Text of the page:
UNHCR mourns great tenor Luciano Pavarotti

News Stories, 7 September 2007

© D.Venturelli
Maestro Pavarotti (left) performed with rock and pop stars (here on stage with James Brown, Zucchero, Andrea Bocelli, Elisa and Sting). The tenor's annual "Pavarotti and Friends" concerts raised millions for refugee programmes.

ROME, Italy, September 7 (UNHCR) The UN refugee agency has issued a statement mourning the death of Luciano Pavarotti, a staunch supporter of the refugee cause and of UNHCR's work around the world.

In a statement, UNHCR said it was "deeply saddened" by the death early Thursday of the celebrated Italian tenor, who was 71. Tributes have been pouring in from around the world. "Nature equipped him with one of the most individual, unmistakable and beautiful voices there has been," noted Britain's The Guardian newspaper.

Pavarotti also used his immense talent to help others. "A United Nations Messenger of Peace, Pavarotti was deeply concerned about the plight of the world's uprooted people and generously used his talents to mobilize public opinion and support for UNHCR's global refugee work," the refugee agency's statement noted.

The singer's annual "Pavarotti and Friends" concerts, bringing together some of the world's greatest rock and pop stars, provided invaluable support to UNHCR's projects in Kosovo in 1999; for Afghan refugees in Pakistan in 2001; for Angolan refugees in Zambia in 2002; and for the agency's Iraq operation in 2003.

Individual donations during and after the concerts and the proceeds from ticket sales and CDs totalled more than US$7 million for refugee projects over the years.

In 2001, Pavarotti was presented the Nansen Refugee Award, granted annually by UNHCR in recognition of outstanding service to the cause of refugees, for his great generosity. At the time, he had raised more funds for the agency than any other individual.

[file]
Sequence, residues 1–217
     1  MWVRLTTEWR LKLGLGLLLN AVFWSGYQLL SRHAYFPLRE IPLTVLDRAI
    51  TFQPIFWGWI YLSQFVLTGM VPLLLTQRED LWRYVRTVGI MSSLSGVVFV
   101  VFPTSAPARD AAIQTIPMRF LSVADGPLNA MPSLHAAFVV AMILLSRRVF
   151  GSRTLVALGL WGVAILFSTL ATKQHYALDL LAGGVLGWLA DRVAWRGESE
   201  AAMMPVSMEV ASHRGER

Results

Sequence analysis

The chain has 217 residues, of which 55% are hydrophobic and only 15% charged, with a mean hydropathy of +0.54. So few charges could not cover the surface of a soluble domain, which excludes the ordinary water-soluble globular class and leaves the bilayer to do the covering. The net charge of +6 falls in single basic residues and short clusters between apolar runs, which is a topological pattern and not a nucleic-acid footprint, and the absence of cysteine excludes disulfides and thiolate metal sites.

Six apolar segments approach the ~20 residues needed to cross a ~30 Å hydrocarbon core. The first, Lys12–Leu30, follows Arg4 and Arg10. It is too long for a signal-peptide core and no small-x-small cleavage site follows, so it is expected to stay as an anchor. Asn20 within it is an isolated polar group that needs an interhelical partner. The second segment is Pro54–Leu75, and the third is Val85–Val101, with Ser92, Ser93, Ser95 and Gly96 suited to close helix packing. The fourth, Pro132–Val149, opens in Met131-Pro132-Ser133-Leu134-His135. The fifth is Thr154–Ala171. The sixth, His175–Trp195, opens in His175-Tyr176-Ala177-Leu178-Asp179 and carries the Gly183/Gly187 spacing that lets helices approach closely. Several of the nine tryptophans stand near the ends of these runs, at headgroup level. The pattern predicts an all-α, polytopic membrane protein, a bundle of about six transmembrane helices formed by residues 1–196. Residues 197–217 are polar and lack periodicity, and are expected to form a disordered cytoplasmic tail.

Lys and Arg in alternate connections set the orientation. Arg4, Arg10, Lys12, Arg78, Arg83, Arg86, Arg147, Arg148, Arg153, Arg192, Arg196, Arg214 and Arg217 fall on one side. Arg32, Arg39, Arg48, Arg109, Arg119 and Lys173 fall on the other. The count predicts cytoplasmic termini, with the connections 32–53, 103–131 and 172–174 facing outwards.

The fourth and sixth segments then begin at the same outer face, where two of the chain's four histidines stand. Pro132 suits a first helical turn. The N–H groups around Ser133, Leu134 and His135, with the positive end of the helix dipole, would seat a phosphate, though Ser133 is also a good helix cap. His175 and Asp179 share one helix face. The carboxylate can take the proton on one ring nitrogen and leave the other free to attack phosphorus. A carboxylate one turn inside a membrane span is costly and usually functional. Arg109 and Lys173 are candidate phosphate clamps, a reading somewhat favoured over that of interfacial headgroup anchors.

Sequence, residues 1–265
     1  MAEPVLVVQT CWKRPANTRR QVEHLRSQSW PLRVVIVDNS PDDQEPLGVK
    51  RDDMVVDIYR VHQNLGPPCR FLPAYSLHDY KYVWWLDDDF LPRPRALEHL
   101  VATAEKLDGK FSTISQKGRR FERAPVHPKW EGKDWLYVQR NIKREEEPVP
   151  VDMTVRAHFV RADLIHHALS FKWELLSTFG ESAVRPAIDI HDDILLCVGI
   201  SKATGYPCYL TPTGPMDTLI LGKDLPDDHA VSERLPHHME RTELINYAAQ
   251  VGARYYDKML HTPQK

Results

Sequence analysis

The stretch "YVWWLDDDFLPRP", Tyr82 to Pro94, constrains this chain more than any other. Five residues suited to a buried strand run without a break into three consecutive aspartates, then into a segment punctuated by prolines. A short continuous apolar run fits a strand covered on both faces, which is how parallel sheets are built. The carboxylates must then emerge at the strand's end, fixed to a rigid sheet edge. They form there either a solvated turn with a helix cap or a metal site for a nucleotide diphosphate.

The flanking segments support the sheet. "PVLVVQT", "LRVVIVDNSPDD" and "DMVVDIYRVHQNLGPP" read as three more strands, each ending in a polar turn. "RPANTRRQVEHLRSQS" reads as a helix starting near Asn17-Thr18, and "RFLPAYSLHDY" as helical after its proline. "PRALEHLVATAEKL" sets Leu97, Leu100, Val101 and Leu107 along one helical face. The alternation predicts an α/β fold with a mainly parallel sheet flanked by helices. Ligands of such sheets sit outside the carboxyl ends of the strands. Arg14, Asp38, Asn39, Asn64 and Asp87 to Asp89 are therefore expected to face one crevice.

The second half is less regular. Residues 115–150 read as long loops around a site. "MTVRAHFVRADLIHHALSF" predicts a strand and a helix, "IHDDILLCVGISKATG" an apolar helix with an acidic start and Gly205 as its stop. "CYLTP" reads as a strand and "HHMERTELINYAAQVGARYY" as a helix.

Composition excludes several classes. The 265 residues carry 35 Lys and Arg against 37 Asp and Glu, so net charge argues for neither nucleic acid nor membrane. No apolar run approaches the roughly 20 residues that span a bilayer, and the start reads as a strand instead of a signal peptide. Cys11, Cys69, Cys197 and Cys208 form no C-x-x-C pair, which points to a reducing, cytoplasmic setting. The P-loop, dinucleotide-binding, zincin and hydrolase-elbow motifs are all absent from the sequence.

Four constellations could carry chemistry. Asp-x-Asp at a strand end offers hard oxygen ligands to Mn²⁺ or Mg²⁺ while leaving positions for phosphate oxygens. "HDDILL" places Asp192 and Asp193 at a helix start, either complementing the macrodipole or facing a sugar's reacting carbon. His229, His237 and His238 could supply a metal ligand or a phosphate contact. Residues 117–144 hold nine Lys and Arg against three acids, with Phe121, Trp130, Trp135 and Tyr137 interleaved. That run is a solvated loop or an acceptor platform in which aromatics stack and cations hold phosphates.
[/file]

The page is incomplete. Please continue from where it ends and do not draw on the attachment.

"UNHCR extends its condolences to Luciano Pavarotti's wife, Nicoletta Mantovani, and to his family," Walter Irvine, UNHCR regional representative for Italy, said. "He will be fondly remembered by the many UNHCR staff around the world who had the pleasure of working with him."

Pavarotti is lying in state in the cathedral of his hometown of Modena, where his funeral will take place on Saturday. He was diagnosed with cancer in 2006.

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Drifting Towards Italy

Every year, Europe's favourite summer playground - the Mediterranean Sea - turns into a graveyard as hundreds of men, women and children drown in a desperate bid to reach European Union (EU) countries.

The Italian island of Lampedusa is just 290 kilometres off the coast of Libya. In 2006, some 18,000 people crossed this perilous stretch of sea - mostly on inflatable dinghies fitted with an outboard engine. Some were seeking employment, others wanted to reunite with family members and still others were fleeing persecution, conflict or indiscriminate violence and had no choice but to leave through irregular routes in their search for safety.

Of those who made it to Lampedusa, some 6,000 claimed asylum. And nearly half of these were recognized as refugees or granted some form of protection by the Italian authorities.

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The UNHCR Goodwill Ambassador flew to Lampedusa from Malta, which has also been a destination for people fleeing North Africa by boat.

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